Pimco cut government debt in September as Bill Gross quit


Oct 9 (Reuters) - The Pimco Total Return Fund, the world's largest bond fund whose long-time manager Bill Gross stunningly departed on Sept. 26, ended September with a slight reduction in U.S. government-related holdings and an increase in emerging markets investments.

The Pimco Total Return Fund had exposure of 38 percent in U.S. government-related securities in September, down from 41 percent in August, according to the Newport Beach, Calif.-based firm's website late Thursday.

The U.S. government category may include nominal and inflation-protected Treasuries, Treasury futures and options, agencies, FDIC-guaranteed and government-guaranteed corporate securities, and interest rate swaps.

The fund's exposure in Emerging Markets increased to 10 percent of its assets in September, up from 9 percent in August, according to Pimco's website, which featured the fund's new management team - Scott Mather, Mark Kiesel and Mihir Worah.

The Pimco Total Return Fund, with $201.6 billion in assets, left its exposure in mortgages and U.S. credit unchanged at 20 percent and 13 percent in September from the previous month.

Since Gross's departure, Pimco has seen heavy outflows, with $23.5 billion leaving the flagship Total Return Fund in September alone.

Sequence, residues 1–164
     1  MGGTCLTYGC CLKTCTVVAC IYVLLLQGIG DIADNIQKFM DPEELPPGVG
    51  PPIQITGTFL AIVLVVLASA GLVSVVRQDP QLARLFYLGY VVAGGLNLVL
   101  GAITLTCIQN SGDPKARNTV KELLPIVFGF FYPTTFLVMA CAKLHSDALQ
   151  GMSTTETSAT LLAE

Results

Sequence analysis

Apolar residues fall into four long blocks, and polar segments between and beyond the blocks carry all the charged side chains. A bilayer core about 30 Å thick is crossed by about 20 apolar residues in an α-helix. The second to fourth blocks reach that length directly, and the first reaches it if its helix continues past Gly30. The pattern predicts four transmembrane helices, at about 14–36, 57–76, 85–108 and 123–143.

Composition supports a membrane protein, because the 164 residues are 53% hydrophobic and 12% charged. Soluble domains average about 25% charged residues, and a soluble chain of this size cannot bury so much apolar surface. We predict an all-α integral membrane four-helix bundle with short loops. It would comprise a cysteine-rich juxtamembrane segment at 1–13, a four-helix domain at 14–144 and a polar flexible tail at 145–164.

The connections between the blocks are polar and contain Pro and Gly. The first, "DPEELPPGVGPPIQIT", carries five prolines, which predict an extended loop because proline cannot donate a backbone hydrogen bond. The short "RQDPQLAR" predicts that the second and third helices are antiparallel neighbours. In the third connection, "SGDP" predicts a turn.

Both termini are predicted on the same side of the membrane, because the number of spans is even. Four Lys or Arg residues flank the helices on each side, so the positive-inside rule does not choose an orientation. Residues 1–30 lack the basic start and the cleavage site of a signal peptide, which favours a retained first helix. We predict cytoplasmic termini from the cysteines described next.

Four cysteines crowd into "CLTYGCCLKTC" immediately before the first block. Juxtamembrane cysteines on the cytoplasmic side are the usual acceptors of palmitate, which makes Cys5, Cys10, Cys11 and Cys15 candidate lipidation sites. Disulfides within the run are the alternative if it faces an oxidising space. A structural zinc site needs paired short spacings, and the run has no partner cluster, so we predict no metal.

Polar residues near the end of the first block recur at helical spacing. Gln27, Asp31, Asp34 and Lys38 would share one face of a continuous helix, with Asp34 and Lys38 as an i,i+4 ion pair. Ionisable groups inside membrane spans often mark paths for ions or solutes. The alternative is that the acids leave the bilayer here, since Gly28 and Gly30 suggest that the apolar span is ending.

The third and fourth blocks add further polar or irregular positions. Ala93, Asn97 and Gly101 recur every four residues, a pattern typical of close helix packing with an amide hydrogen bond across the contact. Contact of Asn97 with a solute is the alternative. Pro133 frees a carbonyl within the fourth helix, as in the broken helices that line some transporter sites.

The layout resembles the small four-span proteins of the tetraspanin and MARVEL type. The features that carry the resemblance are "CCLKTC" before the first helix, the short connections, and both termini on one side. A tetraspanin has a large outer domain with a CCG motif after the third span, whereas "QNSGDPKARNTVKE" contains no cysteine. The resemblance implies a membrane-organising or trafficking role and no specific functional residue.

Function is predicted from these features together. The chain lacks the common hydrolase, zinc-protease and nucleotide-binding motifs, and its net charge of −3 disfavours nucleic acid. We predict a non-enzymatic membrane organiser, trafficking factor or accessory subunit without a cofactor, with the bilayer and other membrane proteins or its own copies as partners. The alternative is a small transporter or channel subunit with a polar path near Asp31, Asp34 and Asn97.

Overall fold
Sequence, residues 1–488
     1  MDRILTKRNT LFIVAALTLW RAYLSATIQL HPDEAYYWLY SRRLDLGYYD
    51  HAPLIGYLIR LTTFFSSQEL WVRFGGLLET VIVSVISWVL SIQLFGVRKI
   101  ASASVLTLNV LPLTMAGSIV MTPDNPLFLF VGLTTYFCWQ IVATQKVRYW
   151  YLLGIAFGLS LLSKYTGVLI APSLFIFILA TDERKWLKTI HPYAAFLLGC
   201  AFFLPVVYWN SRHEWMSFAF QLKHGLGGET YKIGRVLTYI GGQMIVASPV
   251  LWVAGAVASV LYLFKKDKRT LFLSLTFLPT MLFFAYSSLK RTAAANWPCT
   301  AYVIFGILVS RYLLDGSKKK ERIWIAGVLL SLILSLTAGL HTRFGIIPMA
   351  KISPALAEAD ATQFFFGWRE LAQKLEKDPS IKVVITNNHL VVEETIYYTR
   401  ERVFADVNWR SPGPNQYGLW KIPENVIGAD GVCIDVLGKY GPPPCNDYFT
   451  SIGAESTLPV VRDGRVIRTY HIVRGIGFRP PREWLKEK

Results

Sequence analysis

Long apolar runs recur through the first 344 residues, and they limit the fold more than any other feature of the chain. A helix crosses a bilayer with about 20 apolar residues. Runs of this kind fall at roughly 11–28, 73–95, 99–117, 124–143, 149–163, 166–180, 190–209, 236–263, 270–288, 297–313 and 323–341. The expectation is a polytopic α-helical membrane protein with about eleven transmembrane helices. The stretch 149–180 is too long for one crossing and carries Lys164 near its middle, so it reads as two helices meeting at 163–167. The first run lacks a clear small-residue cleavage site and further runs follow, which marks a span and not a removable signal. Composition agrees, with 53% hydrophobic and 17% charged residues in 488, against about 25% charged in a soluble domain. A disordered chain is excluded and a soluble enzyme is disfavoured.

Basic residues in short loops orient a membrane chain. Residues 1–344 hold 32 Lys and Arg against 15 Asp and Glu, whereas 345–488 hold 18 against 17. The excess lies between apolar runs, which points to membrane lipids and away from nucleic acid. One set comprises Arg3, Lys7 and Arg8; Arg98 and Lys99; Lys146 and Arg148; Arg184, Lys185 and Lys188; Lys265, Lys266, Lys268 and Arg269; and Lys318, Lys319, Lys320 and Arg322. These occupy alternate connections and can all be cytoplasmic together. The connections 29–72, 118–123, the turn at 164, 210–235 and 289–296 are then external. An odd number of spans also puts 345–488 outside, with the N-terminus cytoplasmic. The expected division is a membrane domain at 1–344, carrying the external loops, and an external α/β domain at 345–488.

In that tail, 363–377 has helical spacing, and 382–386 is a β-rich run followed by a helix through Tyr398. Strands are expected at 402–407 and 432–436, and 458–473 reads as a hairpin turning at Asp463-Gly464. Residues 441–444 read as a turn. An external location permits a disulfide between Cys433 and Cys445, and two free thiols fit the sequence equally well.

Gross, one of the bond market's most renowned investors, quit Pacific Investment Management Co for distant rival Janus on Sept. 26. According to two sources familiar with the matter, he was expected to be fired the next day from the firm he helped launch more than four decades ago and built into a $2 trillion investment powerhouse.

The Pimco Total Return Fund also held 53 percent of the portfolio in cash equivalents, which include securities with a duration of less than one year, uninvested cash, interest receivables, net unsettled trades and broker money.

But that was being counterbalanced by a negative 51 percent exposure in derivatives, which include offsets associated with investments in futures, swaps and other derivatives. Such offsets may be taken at the notional value of the derivative position, which in certain instances may exceed the actual amount owed on such position, Pimco added.